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Brexit: It Is All About Second Derivatives & Central Banks

The response of the public sector, and in particular central banks, will be the key of financial asset pricing and volatility.

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By Viktor Shvets

Britain has voted to leave the European Union, forcing the resignation of Prime Minister David Cameron. Whilst most of the commentary is focusing on trade links (i.e, companies that have the greatest exposure to the UK), we believe that the main impact of Brexit is in second and third derivatives.

First global economy carries $250 trillion of debt (perhaps 5x as much on a gross basis). Thus there is a considerable degree of volatility imbedded in the financial system, and hence volatility spikes are not just unwelcome but dangerous. Second, Brexit places a larger question mark over the EU project and it must be remembered that EU is the world's largest trading block and its banks are also the largest suppliers of cross border finance. So rising risk premiums and unsettling of the EU will have significant secondary derivative impacts (growth, deflation & liquidity shocks). Third, we maintain that the private sector globally is facing diminishing visibility and thus, investors have no visibility either. Therefore investors congregate in overcrowded trades and any delta can lead 10 massive positioning shift and volatilities.

... public sector (CBs) response would be critical
In our view, the response of the public sector (and in particular CBs), will be the key of financial asset pricing & volatility. Will central banks (CBs) procrastinate, allowing volatility to get out of control or will they embark on a co-ordinated strategy lo lower risks? It seems inevitable to us that joint co-ordination ordination (under the rubric of market disruption) is a high probability event.

Abenomics at ¥90-100 is likely to completely unwind. Euro zone has just restarted timid private demand for money and neither the ECB nor investors want to experience another 2010 Greek episode. In our view, the Fed's tightening is now off the table for Jul'16 and Sep'16 and likely beyond. BoE, having been passive for several years, is likely to re-engage whilst the PBoC is likely to stop now completely impotent and hence not much can be done to either reduce volatilities or induce real economy effects. Our view is that CBs still have capacity to sway financial markets but cannot alter real economy outcomes.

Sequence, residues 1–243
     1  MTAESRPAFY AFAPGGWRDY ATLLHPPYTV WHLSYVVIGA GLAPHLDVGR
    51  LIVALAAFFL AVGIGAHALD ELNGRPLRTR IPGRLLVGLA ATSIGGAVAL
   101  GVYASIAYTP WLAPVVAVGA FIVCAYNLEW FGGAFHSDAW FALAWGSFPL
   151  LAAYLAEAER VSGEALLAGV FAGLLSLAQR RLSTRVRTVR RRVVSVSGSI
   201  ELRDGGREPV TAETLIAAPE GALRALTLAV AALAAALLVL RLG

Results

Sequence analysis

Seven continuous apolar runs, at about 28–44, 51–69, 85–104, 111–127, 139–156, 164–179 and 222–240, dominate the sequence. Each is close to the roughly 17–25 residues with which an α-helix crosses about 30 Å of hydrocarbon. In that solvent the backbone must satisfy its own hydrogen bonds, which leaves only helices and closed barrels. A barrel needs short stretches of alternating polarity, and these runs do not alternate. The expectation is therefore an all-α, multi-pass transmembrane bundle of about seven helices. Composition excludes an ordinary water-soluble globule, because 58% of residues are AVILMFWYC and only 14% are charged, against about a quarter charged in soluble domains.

CBs intervention likely; stick to quality & thematics
We believe that CB's have no choice but to embark on a more aggressive stance. This particularly applies to the BoJ, BoE and ECB whilst the Fed is likely to work hard to reduce the degree of monetary policy divergence. The objective would be to reduce volatility, inject liquidity, depreciate ¥ and avoid excessive US$ appreciation. A difficult task but possibly doable in short-term.

Longer-term, EU and Euro zone will likely face restructuring. Whilst always on the cards, Brexit should accelerate it. It should also bring forward our ultimate scenario of 'nationalization of credit'. In other words, instead of waiting ano1her 12-18 months, the rise in fiscal spending and income support (funded by CBs) could be brought forward. What does this mean for investors?

We maintain that conventional business and capital cycle no longer exist. This implies sector rotation, mean reversion and momentum strategies won't work. We continue to recommend 'Quality-Sustainable growth' and 'Thematics' Investments as they tend to be uncorrelated from CBs and other strategies. As for the UK, it seems to us that after "dust settles", BoE might be fighting appreciation rather than depreciation. But this is for another day.

(The author, Viktor Shvets, is Managing Director at Macquarie Securities)


Tags assigned to this article:
Brexit second derivatives central banks markets